Each Currently Used Skin Cancer Treatment Follows Specific Procedures

Surgical Excision. This surgical procedure is used to treat primary and recurrent tumours under local anesthesia. The tumour and an area of healthy looking skin (margin) around the tumour are removed surgically. The resulting wound is usually closed with stitches. Often, skin from another area of the body (skin graft), or healthy skin moved from a nearby area (skin flap) is used to complete the treatment. After surgery, the excised tissue is examined under a microscope to see if any cancer cells were present in the skin that appeared cancer free. The cure rates range from good to bad [4]. A limitation of this method is that this procedure does not distinguish between tumours and normal skin. The major shortcoming of surgical excision is the pain and discomfort and the potential for long term scarring and quality of life. This method of treatment is by its nature invasive, and at times disfiguring.

Mohs Micrographic Surgery. Mohs surgery has the highest reported cure rate for both basal cell and squamous cell carcinoma. This specialised surgical technique removes the visible tumour first and then removal of successive layers of skin one at a time until microscopic examination no longer reveals cancer cells. Mohs surgery is carried out while the patient is under local anesthesia. Removing and examining each layer takes a long time, usually over one hour. Once skin cancer is no longer visible under the microscope, the surgical wound is treated as needed and varies from stitches to skin flap. This treatment is invasive, and at times disfiguring. Mohs surgery is a treatment for most nonmelanoma skin cancers. However, the length and intensity of this surgical procedure limit its use to treating recurrent skin cancer, larger tumours, areas where it is essential to preserve as much skin as possible (such as an ear, eyelid, nose, lip or hand), tumours in which it is difficult to establish when the cancer ends, and sites prone to recurrence. This surgery when in process does not distinguish cancer cells from normal cells.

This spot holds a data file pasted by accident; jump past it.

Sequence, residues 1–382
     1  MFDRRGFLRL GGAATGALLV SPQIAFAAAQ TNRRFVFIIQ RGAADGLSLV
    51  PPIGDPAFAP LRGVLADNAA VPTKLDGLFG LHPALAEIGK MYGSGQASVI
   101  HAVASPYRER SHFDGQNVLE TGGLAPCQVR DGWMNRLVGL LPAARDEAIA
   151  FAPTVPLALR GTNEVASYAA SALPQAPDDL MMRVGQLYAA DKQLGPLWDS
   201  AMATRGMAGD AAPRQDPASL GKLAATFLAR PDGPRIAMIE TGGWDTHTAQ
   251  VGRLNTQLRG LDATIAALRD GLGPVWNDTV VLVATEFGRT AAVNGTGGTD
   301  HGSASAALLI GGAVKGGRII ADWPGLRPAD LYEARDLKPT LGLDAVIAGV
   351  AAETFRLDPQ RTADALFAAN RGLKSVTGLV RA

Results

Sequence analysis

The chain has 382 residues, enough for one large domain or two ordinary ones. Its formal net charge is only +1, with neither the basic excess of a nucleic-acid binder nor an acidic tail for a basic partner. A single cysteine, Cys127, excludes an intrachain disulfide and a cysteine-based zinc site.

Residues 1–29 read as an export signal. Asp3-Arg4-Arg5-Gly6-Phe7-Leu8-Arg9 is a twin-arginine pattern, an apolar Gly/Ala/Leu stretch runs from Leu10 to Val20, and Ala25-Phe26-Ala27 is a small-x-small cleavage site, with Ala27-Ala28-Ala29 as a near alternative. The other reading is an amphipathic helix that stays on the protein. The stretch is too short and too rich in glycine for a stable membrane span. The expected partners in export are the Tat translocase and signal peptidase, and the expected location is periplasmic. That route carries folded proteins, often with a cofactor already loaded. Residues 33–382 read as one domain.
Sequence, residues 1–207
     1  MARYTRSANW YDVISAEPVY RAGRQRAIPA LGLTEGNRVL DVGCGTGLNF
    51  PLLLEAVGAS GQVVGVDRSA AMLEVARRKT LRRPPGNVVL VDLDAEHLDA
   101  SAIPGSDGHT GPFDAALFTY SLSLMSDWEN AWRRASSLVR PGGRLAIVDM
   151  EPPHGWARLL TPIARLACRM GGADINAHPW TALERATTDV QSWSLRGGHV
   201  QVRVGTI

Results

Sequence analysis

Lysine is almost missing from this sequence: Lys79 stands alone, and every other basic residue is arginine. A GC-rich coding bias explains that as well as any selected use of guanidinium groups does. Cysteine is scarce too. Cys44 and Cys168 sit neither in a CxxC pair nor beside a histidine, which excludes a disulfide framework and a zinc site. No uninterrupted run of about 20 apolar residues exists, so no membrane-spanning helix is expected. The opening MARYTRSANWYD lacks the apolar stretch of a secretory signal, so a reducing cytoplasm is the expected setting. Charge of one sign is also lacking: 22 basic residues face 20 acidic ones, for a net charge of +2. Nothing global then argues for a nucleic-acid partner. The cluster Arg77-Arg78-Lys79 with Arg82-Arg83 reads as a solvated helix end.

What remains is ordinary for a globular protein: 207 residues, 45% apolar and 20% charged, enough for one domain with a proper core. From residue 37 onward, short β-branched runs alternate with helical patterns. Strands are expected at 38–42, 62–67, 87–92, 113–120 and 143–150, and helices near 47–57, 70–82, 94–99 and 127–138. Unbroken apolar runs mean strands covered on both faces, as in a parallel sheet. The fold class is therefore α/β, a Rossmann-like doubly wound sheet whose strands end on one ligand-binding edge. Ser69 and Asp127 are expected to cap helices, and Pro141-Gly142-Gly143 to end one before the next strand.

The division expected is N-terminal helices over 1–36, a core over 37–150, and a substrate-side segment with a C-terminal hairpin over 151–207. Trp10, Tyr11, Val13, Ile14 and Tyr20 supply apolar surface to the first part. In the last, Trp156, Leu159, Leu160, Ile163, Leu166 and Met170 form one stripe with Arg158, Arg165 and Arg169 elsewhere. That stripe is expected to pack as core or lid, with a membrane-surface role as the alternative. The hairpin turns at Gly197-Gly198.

Curettage and Electrodesiccation. This method is used to treat small basal cell and squamous cell carcinomas in non-crucial areas such as the trunk and extremities.

The procedure consists of scooping out the cancer by using a spoon-like instrument called a curette and then using an electric needle to burn or “cauterize” the remaining cancer cells and to control bleeding. The scraping and cauterizing is typically repeated 3 times, and the wound tends to heal without stitches. This procedure does not distinguish cancer cells from normal cells.